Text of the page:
At their best, Birks and McMahon can be a mighty potent combination. But Illinois certainly needs other options -- and options that are consistent -- so the block can't focus on the UI's outside hitters.
Is McMahon being asked to do too much this year? It would seem like we have others who could take some more of her back court time. Her season hitting percentage is .155 vs. .270 last year.
I don't know whether she is being asked to do too much. Before the season, McMahon said she wanted to be on the floor for all rotations and to become a complete volleyball player. She's committed to that. But it certainly will be worth monitoring to see how Kevin Hambly continues to use her in the rotation.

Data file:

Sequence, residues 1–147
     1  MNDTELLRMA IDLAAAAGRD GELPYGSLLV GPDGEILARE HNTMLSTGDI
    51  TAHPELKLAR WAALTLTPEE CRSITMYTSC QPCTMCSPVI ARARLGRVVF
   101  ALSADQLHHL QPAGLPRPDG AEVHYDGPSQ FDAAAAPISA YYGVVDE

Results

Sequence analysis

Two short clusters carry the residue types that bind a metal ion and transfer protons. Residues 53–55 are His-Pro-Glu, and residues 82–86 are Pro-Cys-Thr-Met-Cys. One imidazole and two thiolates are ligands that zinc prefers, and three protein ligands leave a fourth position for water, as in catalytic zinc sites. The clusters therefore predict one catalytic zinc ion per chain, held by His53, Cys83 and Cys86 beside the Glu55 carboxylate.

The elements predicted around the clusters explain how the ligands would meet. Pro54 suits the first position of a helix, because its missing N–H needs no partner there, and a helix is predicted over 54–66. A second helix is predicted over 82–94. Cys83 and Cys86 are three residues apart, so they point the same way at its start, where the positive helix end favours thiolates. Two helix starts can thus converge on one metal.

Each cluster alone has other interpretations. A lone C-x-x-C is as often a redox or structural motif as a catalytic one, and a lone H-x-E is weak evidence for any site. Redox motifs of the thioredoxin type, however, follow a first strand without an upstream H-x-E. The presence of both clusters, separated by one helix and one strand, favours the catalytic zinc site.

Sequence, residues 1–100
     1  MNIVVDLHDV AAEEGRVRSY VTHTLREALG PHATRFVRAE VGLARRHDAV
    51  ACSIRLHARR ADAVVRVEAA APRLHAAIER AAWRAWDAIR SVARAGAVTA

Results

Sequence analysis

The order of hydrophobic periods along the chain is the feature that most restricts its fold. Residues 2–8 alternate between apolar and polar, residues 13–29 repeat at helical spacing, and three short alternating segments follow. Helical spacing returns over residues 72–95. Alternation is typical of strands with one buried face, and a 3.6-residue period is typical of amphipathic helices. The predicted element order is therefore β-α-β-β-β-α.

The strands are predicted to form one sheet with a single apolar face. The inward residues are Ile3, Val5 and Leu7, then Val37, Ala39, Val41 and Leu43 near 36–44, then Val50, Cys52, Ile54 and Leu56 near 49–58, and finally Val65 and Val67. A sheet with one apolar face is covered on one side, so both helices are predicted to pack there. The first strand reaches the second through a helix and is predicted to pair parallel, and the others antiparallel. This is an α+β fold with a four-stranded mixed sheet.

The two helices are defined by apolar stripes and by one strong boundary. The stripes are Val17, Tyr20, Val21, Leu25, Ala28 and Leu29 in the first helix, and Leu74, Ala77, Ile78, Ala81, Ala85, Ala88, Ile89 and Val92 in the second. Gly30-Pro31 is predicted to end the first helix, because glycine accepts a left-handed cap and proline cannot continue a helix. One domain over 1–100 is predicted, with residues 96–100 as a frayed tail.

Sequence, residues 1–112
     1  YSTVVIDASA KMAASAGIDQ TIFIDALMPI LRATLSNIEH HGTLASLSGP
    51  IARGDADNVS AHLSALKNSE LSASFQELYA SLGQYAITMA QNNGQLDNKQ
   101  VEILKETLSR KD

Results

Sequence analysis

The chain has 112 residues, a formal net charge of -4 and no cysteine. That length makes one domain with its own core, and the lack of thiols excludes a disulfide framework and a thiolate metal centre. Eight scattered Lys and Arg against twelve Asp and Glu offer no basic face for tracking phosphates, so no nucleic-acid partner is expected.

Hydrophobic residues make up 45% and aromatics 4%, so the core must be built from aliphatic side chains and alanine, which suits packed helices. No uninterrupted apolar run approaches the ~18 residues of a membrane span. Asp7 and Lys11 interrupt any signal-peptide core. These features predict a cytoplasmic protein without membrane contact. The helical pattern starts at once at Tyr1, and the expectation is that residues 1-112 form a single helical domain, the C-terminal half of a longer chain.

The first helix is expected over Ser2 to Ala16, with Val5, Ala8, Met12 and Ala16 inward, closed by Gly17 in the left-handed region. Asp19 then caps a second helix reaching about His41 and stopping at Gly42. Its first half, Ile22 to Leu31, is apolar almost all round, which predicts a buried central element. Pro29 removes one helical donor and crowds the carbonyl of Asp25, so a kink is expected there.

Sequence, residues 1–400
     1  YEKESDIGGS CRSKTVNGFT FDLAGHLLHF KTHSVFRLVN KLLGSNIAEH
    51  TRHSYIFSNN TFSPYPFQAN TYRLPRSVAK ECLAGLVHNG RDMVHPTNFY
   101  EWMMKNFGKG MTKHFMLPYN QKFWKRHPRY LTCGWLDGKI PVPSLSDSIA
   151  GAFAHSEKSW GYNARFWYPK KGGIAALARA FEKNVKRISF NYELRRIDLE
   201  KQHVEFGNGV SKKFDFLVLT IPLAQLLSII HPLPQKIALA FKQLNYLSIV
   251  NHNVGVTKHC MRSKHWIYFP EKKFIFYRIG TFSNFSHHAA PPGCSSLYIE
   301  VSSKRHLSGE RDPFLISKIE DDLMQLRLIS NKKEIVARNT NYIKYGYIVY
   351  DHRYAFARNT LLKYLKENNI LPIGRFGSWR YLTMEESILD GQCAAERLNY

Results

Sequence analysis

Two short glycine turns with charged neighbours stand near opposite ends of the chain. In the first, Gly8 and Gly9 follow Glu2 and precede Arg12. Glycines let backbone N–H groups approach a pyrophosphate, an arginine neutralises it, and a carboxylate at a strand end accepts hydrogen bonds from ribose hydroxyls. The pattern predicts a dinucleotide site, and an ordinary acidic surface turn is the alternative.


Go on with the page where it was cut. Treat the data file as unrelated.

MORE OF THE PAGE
No doubt McMahon's hitting has been erratic so far. I think she's too good of a player not to step up her game. Her track record indicates she will.
Keep in mind, too, that McMahon spent virtually all of her first two college seasons at right-side hitter. She has far less experience on the left side, so I'm sure that transition is still a work in progress. But she definitely has shown she can do the job at outside hitter (just ask Arizona State).
And it's not just McMahon. As Hambly said this week, the offense overall needs to make strides if the Illini are to become the team he envisions. This weekend should be a good test of whether that emphasis in practice is paying off.
Looks like we're out of questions so we'll end the chat.
See you next week, when Illinois is gearing up for the start of the Big Ten schedule